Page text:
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A critical juncture in video surveillance
While highly anticipated, the transition of the video surveillance market from analog to network cameras has taken many years to play out. Over the past 24 months however, we believe the market has reached a critical juncture. With the exception of China (which continues to prefer analog cameras for their lower price points), revenues from network cameras now exceed those of analog devices in nearly every major market in the world. The widespread adoption of network video cameras has accelerated the convergence of the electronic physical security and IT industries, and triggered a period of robust expansion for well-positioned vendors. The potential consequences of this convergence are sweeping, and have already begun to take shape. One area in particular that has drawn our attention is enterprise storage, which benefits directly from the increasing utilization and retention of data that has come with network video surveillance. As a result, revenues in this segment are forecast to grow by 14.8% per annum between 2013 and 2018; a rate more than double that of the IT hardware market during the same period.
What’s driving the need for enterprise storage?
In order to better understand the drivers behind video storage consumption, IHS compared the storage intensity ratios of 17 end-user verticals that comprise the video surveillance market. What we found was quite striking; three end-users in particular—Government, City Surveillance, and Transportation—accounted for more than half of the total storage spend for the entire market in 2013. Upon further examination, we realized that these verticals share rigorous requirements for features and functionality that differ from other forms of video surveillance. Chief among these characteristics are an elevated risk of terrorist attacks, high camera counts, and a greater desire to analyze and store video data.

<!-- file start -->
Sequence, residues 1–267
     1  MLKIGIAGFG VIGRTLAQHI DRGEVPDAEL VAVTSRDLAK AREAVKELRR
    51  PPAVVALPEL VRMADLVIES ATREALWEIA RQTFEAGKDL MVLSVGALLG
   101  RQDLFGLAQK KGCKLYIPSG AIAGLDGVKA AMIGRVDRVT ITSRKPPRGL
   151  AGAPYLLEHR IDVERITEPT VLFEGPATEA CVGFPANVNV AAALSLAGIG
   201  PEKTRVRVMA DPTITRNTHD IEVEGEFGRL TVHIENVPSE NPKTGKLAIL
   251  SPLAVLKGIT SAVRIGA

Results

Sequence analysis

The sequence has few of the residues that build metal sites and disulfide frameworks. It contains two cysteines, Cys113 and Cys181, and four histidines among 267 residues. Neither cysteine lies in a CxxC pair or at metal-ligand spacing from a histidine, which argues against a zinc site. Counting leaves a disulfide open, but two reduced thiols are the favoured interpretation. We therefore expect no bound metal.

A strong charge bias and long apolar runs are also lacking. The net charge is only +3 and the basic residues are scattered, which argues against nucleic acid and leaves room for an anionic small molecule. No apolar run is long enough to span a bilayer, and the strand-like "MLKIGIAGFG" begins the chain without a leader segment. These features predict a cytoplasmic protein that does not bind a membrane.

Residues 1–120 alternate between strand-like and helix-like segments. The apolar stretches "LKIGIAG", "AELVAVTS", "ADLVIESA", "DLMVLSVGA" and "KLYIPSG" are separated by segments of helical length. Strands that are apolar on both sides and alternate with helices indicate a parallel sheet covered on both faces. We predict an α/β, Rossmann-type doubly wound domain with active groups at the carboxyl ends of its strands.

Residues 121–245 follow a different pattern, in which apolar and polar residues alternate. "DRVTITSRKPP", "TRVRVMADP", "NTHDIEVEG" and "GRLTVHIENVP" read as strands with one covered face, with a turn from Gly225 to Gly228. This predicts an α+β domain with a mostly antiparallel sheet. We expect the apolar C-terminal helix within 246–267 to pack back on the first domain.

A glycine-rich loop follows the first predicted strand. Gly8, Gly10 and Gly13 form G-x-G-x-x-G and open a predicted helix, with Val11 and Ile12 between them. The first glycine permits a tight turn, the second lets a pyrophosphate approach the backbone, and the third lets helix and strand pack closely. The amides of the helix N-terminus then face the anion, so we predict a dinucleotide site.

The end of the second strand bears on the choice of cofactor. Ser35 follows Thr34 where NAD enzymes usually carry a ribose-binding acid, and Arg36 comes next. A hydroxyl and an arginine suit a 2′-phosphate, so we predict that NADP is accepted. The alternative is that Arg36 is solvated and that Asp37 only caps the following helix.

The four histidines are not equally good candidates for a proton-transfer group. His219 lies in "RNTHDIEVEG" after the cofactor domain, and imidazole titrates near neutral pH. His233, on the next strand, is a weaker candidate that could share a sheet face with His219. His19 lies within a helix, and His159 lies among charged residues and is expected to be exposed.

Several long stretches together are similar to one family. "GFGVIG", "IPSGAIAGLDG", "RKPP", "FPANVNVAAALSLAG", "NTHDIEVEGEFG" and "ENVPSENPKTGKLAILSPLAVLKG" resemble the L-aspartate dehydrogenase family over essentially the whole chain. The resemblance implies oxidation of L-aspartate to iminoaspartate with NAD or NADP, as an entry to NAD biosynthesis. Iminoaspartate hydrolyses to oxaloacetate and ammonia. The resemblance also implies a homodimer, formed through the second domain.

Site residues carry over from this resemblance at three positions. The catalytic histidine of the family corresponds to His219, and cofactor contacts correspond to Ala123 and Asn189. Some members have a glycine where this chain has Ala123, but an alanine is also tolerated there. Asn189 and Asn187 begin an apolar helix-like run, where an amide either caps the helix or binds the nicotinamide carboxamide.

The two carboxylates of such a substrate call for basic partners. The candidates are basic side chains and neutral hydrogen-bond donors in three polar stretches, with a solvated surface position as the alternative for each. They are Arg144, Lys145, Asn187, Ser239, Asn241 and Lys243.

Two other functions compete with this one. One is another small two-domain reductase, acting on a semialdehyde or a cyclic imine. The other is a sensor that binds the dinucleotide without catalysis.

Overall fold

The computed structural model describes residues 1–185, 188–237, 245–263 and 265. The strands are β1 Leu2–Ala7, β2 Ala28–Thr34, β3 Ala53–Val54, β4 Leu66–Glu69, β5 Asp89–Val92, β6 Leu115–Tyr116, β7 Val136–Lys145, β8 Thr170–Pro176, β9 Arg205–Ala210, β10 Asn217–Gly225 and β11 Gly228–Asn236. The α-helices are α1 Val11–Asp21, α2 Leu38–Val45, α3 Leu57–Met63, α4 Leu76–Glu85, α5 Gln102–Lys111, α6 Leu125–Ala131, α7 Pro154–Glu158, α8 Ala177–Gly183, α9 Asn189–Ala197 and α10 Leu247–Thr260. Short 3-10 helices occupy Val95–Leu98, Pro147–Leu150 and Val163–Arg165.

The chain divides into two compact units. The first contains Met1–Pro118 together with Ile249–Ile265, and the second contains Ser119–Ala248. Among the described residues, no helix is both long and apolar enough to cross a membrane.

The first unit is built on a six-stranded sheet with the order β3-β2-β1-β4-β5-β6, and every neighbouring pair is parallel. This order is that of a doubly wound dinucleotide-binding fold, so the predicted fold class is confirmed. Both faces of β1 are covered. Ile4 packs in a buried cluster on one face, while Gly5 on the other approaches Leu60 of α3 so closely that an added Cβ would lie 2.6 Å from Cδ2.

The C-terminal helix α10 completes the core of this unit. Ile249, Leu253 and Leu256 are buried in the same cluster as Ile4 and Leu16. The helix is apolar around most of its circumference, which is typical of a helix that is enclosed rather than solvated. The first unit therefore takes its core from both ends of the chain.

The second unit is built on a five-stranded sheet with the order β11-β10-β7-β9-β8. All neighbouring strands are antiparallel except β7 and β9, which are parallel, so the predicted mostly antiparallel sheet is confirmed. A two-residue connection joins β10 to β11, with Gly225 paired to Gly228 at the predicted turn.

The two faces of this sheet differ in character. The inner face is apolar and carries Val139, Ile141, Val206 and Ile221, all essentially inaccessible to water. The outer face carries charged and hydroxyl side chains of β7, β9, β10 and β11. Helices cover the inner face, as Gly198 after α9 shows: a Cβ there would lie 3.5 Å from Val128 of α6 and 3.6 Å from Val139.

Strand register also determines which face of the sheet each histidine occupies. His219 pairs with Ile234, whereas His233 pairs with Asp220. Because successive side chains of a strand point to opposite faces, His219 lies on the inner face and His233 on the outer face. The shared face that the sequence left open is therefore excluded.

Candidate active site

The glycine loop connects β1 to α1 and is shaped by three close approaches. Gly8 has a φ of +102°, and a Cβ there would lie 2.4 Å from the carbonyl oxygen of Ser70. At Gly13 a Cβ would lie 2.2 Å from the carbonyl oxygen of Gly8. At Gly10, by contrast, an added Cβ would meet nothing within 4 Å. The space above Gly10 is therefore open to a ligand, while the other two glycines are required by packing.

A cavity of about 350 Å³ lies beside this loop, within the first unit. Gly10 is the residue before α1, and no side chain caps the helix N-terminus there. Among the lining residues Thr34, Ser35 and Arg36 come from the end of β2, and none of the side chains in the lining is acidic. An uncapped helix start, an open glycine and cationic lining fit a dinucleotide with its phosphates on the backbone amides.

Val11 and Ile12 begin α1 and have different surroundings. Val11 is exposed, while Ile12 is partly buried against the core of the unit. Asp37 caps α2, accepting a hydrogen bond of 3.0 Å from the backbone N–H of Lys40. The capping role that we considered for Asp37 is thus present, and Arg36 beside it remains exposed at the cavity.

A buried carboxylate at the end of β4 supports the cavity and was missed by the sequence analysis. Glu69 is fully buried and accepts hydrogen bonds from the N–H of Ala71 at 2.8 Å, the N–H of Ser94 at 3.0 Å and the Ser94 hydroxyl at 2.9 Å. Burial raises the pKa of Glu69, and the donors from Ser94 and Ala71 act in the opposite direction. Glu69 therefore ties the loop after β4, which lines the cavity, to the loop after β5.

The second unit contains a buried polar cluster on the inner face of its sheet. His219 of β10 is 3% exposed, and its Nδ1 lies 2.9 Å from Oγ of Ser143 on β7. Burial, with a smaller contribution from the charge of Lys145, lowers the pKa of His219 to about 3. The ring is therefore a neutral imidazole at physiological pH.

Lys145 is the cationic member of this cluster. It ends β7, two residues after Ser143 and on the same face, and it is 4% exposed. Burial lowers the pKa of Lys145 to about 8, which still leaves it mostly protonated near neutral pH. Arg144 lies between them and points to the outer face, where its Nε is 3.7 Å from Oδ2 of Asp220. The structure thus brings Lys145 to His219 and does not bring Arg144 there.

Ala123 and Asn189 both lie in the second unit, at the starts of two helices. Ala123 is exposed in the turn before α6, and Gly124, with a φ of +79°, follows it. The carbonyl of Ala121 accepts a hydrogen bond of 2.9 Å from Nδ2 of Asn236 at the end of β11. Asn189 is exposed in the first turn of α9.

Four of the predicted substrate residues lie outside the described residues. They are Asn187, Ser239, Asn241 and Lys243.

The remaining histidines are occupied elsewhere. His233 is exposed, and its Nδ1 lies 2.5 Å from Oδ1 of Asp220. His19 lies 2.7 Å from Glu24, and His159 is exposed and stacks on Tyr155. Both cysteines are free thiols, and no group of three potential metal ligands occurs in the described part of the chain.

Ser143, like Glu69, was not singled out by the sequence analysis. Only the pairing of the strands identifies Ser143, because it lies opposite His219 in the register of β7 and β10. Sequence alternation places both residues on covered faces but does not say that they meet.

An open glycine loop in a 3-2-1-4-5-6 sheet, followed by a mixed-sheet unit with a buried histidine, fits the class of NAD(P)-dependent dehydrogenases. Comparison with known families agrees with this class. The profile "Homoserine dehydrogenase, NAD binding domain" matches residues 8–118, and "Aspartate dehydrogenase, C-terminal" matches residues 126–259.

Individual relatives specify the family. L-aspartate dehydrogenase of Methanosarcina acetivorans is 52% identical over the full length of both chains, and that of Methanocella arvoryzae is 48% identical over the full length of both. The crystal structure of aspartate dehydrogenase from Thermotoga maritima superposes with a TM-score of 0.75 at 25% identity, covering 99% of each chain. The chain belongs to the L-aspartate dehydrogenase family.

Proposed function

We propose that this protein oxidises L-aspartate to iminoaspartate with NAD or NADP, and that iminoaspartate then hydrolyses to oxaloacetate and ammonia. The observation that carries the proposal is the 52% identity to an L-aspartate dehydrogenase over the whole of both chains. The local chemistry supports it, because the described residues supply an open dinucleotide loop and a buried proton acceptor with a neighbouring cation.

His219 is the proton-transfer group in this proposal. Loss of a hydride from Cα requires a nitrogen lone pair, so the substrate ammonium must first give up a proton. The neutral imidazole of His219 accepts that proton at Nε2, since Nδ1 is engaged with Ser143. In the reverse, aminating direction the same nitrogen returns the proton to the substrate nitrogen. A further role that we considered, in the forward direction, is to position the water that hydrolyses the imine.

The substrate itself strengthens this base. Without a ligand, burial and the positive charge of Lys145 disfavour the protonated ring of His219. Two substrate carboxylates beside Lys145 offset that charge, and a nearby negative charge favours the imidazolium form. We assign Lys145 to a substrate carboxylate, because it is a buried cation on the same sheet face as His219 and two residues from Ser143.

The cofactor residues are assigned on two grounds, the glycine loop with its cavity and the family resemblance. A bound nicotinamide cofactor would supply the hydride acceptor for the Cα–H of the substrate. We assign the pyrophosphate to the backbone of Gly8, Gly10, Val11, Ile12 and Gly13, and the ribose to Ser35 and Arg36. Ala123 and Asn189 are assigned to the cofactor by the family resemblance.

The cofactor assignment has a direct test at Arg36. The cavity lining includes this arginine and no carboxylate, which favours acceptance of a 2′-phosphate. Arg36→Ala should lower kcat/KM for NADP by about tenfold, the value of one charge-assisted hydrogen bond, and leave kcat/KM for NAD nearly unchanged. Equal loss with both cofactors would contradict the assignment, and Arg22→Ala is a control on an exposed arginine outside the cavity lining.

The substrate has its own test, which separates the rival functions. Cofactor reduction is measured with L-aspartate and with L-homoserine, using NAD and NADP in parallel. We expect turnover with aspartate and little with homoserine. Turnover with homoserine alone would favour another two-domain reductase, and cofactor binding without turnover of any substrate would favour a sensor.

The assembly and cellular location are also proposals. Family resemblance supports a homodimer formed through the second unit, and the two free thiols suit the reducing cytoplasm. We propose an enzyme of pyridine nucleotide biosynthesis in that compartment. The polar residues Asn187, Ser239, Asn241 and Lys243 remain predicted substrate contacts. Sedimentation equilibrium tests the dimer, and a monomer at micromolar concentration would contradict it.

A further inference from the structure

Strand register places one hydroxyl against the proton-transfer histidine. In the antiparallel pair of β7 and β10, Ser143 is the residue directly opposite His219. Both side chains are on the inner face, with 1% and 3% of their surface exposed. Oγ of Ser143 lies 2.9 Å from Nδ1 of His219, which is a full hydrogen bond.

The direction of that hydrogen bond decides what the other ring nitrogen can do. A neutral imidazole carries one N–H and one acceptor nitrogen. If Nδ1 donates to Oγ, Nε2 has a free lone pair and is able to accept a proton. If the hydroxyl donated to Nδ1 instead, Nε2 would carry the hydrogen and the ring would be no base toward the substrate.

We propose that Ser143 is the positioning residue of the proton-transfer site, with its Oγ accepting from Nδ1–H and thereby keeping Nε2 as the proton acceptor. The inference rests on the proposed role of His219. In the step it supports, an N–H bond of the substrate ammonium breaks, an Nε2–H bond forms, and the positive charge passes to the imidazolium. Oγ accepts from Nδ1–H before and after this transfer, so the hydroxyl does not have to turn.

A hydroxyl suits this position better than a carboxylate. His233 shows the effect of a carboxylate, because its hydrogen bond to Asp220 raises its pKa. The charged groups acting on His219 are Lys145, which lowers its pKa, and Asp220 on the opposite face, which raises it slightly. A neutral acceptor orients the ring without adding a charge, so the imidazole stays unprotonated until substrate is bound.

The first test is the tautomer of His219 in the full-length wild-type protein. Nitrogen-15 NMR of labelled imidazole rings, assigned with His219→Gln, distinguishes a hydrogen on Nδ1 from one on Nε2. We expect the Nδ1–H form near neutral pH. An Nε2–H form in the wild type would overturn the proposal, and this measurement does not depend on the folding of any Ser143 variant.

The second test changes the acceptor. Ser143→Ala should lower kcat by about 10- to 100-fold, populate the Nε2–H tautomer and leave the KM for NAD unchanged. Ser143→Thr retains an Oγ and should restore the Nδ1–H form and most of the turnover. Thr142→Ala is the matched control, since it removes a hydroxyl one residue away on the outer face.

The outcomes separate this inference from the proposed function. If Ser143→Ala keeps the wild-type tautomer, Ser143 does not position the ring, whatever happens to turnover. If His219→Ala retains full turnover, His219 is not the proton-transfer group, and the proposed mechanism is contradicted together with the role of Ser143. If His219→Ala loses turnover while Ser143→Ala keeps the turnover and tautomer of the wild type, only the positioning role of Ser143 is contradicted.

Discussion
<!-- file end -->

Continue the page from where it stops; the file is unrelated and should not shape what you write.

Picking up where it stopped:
Given their unique requirements, these storage-intensive verticals increasingly rely upon edge-to-core architecture that combines centralized storage and compute capabilities (“core”) with distributed video feeds (“edges”). In addition, the system infrastructure must be both open and flexible to allow for scalability and rapid adaptation. Change is constant in these settings, as is the need for ever-greater insights concerning potential threats and other risks. By acting as repository for data mining and analytics, the core enables powerful video content analysis (VCA) applications to be run—often on a streaming, real-time basis—that would not be feasible at the edge. These capabilities are particularly important to governments and law enforcement agencies given their strong interest in applications such as license plate recognition (LPR), facial recognition, and intelligent scene analysis.
Shifting business models
As video surveillance systems grow in scale and complexity, the market has come to rely more on IT practitioners to manage implementations. This is causing significant changes to the way that security systems are conceived, built, and even managed. To be sure, IT providers are gaining considerable influence in procurement decisions, and with it, a greater share of the video surveillance market. At the same time however, there is a growing degree of collaboration and interdependence between IT and physical security integrators, particularly as a means of bridging the knowledge gap between these two disciplines. We have also found that integrators of all types are coming to rely on manufacturers to provide product certifications, validation, and general guidance with respect to sourcing decisions. Realizing that these forces are here to stay, the most nimble and progressive suppliers have already begun to adapt their business models to the shifting marketplace. While this may cause some temporary discomfort, we believe such changes will lead to unprecedented business opportunities in video surveillance—for both physical security and IT providers—over the next five to ten years.